|From brief released March 7, 2008 by the Council of Ministers of Education, Canada|
Education organizations are asking the federal government to change the existing
copyright law in order to make it clear that educational use of publicly available Internet
material is not an infringement of copyright. The Canadian copyright law needs to be
changed because the law is not clear about the extent to which teachers, students, and
other educational users can legally engage in routine classroom activities such as
downloading, saving, and sharing text or images that are freely available on the Internet.
The education amendment is necessary to clarify the law so that students and teachers can
have the assurance that they will not infringe copyright law when they engage in routine
uses of publicly available Internet works for educational purposes.
From brief released March 14, 2008 by the Council of Ministers of Education, Canada
Educational Use of the Internet:
“Fair Dealing” Just May Not Be Enough
An amendment to the Copyright Act is needed to create a safe harbour for all educational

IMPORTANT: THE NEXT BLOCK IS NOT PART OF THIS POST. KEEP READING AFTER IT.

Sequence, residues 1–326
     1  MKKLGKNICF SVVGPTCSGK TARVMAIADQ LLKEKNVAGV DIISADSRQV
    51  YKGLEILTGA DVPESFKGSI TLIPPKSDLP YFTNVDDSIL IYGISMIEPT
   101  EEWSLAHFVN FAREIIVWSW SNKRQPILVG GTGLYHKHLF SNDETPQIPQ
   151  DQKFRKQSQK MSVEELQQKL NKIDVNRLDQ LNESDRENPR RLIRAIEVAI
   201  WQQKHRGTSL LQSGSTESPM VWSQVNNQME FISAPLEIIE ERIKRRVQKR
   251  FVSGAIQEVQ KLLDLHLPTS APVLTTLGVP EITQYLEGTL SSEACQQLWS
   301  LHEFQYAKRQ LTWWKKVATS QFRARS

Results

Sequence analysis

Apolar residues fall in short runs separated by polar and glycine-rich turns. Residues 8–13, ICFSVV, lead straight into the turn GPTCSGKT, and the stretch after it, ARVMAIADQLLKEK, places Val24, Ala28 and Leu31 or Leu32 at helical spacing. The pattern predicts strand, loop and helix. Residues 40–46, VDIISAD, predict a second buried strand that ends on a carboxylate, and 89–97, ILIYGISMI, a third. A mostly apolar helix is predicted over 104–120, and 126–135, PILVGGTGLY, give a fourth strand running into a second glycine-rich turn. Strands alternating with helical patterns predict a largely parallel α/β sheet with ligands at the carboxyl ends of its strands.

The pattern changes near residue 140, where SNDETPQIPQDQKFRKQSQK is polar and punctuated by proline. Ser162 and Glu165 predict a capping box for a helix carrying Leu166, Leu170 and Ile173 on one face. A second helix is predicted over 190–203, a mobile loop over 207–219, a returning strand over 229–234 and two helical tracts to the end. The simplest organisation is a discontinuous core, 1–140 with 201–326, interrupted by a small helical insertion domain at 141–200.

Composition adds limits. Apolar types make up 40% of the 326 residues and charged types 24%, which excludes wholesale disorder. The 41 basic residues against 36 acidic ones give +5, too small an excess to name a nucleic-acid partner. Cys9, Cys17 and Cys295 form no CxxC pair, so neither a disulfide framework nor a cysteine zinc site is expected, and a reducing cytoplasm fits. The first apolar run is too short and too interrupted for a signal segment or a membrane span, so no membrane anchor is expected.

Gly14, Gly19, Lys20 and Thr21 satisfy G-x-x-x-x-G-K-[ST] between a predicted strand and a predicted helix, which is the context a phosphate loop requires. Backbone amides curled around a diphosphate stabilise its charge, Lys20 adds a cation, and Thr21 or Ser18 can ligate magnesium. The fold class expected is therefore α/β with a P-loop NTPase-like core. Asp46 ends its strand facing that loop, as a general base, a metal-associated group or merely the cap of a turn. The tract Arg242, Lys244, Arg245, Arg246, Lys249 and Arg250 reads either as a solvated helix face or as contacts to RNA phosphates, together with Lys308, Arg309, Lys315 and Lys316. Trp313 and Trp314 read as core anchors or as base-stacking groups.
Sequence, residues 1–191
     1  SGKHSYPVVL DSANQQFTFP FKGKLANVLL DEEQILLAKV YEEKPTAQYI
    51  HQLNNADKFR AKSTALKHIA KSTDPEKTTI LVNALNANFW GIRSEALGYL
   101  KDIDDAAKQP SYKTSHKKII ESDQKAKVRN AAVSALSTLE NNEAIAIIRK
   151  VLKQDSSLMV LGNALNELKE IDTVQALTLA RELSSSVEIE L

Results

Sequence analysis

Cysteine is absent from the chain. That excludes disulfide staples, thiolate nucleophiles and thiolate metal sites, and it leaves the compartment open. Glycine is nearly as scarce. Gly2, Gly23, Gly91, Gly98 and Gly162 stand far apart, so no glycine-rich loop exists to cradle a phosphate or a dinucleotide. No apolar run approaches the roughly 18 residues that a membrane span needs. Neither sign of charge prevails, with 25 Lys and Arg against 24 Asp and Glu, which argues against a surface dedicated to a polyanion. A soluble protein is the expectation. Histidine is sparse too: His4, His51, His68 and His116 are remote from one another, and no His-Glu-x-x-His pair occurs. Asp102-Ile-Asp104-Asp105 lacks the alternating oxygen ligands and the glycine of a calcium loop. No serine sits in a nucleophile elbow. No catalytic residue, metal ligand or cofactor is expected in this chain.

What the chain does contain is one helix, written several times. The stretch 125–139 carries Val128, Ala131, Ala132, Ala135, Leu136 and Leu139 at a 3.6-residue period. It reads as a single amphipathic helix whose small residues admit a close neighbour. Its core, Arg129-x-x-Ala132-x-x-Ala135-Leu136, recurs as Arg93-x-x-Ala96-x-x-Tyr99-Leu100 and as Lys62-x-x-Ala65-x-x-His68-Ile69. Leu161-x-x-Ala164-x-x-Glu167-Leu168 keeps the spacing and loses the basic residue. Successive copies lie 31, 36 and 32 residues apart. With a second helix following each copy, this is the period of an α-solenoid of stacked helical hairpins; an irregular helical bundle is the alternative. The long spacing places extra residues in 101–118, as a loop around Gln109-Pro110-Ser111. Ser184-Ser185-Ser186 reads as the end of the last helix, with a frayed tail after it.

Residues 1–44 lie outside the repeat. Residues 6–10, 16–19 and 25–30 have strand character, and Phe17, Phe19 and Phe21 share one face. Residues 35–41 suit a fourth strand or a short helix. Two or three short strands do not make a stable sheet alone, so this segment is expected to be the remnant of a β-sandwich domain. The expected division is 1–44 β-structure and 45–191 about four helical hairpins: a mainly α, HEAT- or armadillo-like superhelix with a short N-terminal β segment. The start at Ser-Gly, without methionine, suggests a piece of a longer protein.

uses of publicly available Internet material. Without the amendment, educational
institutions and their students, teachers, and staff will remain in a most uncomfortable
position — contorted in a legal limbo — awaiting some future court ruling to clarify
more precisely the notion of “fair dealing.” So, in light of the uncertainty surrounding
the application of fair dealing to certain common educational uses of publicly available
Internet material, it is necessary to amend the Copyright Act to make it clear that any
educational use of publicly available material is not an infringement of copyright.
Briefs and copy of Copyright Matters can be found at this site: http://www.cmec.ca/else/copyright/matters/indexe.stm